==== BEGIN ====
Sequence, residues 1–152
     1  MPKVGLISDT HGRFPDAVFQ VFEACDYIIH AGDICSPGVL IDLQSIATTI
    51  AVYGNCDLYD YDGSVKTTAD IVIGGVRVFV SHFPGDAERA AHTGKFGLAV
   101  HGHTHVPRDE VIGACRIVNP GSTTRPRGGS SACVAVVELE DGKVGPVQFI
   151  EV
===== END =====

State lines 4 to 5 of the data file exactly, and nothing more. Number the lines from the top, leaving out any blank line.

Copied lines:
   101  HGHTHVPRDE VIGACRIVNP GSTTRPRGGS SACVAVVELE DGKVGPVQFI
   151  EV